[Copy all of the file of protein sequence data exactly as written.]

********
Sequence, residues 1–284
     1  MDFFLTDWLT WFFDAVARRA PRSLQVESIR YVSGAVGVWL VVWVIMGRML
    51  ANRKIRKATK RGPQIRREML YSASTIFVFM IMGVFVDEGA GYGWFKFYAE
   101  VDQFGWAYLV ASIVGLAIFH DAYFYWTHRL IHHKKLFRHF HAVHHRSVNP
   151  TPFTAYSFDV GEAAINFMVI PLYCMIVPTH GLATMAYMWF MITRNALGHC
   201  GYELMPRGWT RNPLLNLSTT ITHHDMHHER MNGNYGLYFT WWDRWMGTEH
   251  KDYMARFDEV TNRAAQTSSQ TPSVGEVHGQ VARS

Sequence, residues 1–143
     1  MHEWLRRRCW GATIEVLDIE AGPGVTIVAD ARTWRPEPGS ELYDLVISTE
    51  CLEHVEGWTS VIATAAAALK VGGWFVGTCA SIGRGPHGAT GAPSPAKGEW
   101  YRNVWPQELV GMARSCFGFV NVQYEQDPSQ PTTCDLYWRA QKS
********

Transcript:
Sequence, residues 1–284
     1  MDFFLTDWLT WFFDAVARRA PRSLQVESIR YVSGAVGVWL VVWVIMGRML
    51  ANRKIRKATK RGPQIRREML YSASTIFVFM IMGVFVDEGA GYGWFKFYAE
   101  VDQFGWAYLV ASIVGLAIFH DAYFYWTHRL IHHKKLFRHF HAVHHRSVNP
   151  TPFTAYSFDV GEAAINFMVI PLYCMIVPTH GLATMAYMWF MITRNALGHC
   201  GYELMPRGWT RNPLLNLSTT ITHHDMHHER MNGNYGLYFT WWDRWMGTEH
   251  KDYMARFDEV TNRAAQTSSQ TPSVGEVHGQ VARS

Sequence, residues 1–143
     1  MHEWLRRRCW GATIEVLDIE AGPGVTIVAD ARTWRPEPGS ELYDLVISTE
    51  CLEHVEGWTS VIATAAAALK VGGWFVGTCA SIGRGPHGAT GAPSPAKGEW
   101  YRNVWPQELV GMARSCFGFV NVQYEQDPSQ PTTCDLYWRA QKS